A small British Army team is sent to destroy a German petrol dump as part of the preparation for a major attack in the North African campaign. While they are there, they spot a large number of tanks and realize that Army intelligence must be informed or some Tommies are going to be in for a nasty surprise. The Germans are equally determined that they should not reach their base, and a tense chase across the desert is the result.Written by
Mark Thompson <firstname.lastname@example.org>
During WWII producer Monty Berman was a member of the Army Film and Photographic Unit and met Sean Fielding, a senior army observer officer in Cairo. After the war Sean wrote a 10 page idea for a film based on the long range desert group and sent it to Monty who put it in his desk. Some 10 years later he sent it to screen writer Robert Westerby who by chance had previously written a screen play on similar lines and welcomed the chance to cooperate. It was decided that the only way the film could be made was to shoot it on the actual locations. That involved flying about 1!/2 tons of property & gear to Libya+ large quantities of heavy equipment from Italy. 10 actors & 30 technicians were flown to N. Africa & the war office promised cooperation in Libya. On the 1st day they experienced some of the problems that would beset them throughout filming when a sand storm blew up and stopped filming for the day. One of the problems was to find 15 cwt trucks of the type used during the war but all seemed to have disappeared. The problem was solved by purchasing 30 cwt trucks and chopping 2 foot off the backs. Comparing them to photographs of the war time trucks they looked the same. The War Office made the 1st Battalion of The Kings Royal Rifle Corps & The Tripolitania District Signals Troop available for valuable & practical help. Some of the riflemen were enrolled to play Germans. A great deal of filming was done in the mountain region of Tripolitania, which was where Guy Green shot scenes for 'The Way Ahead'. A British army truck was supposed to have been set on fire by German bullets and the petrol tank holed. An oil 'bomb' was placed on the front of the truck and set alight and the truck's path was plotted to pass as close as possible to the camera. However as it approached there was a rush of unexpected flame and fragments of the bomb hurled a few feet in front pf the camera crew. The desert wind swept the flames to the umbrella shading the camera from the intense sun & in a moment the unit was enveloped in fire. See more »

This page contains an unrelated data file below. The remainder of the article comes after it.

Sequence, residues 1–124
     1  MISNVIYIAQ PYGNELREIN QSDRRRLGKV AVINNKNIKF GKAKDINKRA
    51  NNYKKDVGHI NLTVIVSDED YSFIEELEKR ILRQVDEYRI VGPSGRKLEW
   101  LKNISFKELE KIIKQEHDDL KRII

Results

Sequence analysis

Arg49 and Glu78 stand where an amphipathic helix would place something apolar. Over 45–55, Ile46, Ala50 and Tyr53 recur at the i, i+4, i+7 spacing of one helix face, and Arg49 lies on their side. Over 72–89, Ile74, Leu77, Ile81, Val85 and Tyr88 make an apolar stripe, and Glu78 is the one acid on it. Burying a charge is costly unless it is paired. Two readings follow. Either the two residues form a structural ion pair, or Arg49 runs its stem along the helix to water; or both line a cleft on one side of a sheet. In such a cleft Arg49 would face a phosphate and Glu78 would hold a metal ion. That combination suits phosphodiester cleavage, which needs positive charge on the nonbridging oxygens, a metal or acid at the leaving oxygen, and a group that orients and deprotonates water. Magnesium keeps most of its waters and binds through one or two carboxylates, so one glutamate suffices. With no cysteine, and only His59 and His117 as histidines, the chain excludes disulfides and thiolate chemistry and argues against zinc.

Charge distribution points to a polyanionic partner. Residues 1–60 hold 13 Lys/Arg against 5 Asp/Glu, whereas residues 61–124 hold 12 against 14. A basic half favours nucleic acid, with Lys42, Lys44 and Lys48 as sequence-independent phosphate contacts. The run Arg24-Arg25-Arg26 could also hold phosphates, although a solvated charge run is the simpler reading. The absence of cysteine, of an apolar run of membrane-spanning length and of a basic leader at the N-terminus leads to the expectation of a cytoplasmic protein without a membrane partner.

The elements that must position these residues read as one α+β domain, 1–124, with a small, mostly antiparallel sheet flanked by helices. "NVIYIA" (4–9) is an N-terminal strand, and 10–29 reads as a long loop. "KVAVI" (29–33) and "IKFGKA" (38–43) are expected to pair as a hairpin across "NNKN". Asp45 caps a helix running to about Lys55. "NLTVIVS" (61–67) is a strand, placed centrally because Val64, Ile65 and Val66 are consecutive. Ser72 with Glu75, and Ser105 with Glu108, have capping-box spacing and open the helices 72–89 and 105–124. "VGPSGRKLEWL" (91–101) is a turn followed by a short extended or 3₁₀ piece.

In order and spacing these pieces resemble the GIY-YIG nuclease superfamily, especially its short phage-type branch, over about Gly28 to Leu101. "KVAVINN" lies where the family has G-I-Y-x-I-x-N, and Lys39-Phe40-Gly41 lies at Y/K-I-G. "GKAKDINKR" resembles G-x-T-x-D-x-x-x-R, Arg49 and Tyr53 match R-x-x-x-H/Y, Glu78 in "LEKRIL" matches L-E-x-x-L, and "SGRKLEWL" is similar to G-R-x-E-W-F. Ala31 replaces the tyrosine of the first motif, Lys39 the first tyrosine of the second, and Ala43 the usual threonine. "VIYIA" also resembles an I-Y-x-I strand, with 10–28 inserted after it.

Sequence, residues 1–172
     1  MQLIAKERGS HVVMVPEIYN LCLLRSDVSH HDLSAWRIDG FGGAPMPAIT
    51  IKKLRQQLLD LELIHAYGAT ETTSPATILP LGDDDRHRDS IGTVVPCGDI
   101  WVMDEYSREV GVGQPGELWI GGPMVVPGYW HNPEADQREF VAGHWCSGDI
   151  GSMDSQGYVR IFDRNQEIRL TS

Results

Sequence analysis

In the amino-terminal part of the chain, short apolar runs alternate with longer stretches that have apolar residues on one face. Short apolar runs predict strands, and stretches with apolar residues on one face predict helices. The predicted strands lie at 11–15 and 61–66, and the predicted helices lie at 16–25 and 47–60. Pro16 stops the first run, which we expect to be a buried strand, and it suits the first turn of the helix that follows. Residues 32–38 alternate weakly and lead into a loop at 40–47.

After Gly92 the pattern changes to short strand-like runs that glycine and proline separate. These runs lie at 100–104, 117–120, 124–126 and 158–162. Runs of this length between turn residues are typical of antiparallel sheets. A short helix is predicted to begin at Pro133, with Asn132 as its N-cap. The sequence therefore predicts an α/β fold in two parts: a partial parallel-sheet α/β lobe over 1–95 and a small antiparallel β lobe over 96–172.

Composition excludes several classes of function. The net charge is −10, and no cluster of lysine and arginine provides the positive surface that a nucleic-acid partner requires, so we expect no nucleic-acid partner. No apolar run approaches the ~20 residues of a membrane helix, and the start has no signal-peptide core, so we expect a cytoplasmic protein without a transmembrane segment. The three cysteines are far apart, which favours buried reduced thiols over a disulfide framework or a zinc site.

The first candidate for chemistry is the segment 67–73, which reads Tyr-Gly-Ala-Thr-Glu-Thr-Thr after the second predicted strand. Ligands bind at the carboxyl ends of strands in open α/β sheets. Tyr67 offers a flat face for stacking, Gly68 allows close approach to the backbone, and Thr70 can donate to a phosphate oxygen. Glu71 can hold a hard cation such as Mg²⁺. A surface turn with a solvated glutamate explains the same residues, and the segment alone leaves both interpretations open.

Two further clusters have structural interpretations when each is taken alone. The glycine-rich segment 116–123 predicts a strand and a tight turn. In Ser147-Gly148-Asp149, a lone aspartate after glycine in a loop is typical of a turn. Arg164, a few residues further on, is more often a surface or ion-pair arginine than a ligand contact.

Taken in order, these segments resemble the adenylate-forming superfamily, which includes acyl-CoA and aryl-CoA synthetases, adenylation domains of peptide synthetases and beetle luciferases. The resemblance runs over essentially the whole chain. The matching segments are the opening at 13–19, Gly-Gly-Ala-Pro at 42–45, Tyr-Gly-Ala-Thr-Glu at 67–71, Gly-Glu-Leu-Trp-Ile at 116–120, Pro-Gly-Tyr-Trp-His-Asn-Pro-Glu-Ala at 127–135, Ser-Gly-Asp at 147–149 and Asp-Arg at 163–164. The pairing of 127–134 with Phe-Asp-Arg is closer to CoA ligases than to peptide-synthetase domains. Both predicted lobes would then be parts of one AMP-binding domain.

Truck 3 can be seen with a loose bonnet (hood) from the start of the patrol and when truck 1 bogs down in the sand, truck 3 can be seen hitting a rut and the bonnet (hood) jumping up and almost falling off. See more »
You'd all be standing there with guns in your hands if I hadn't shot him.
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Heard on radio See more »
Stiff upper lips all round
SEA OF SAND is, unsurprisingly, another North African WW2 movie. Although they made literally dozens of such productions over the years, I never get tired of them as they have such great backdrops against which to present war-time action. This one's a very typical piece from the period, filled with a kind of brisk efficiency which goes hand-in-hand with the no-nonsense British cast.
The story follows the misadventures of a team of British soldiers sent behind enemy lines to blow up a fuel depot. They end discovering a massive depot of tanks ready to strike against Allied forces and, with their radio out, they must return to their own side to spread word of their discovery. The only problem is that the Nazi forces are well aware of this, sending soldiers out in pursuit.
SEA OF SAND is an admirably tough movie. There's little room for sentiment here, just necessity of getting the job done. The ensemble cast is fine with Michael Craig and John Gregson particularly standing out and more minor parts for the likes of Richard Attenborough (surprisingly underutilised in a comic part), Barry Foster, Ray McAnally, and Percy Herbert. I was delighted to spot an uncredited Dermot Walsh playing the guy who sends the team on their mission. It's solid stuff, at times exciting, heroic, tragic, and harrowing.
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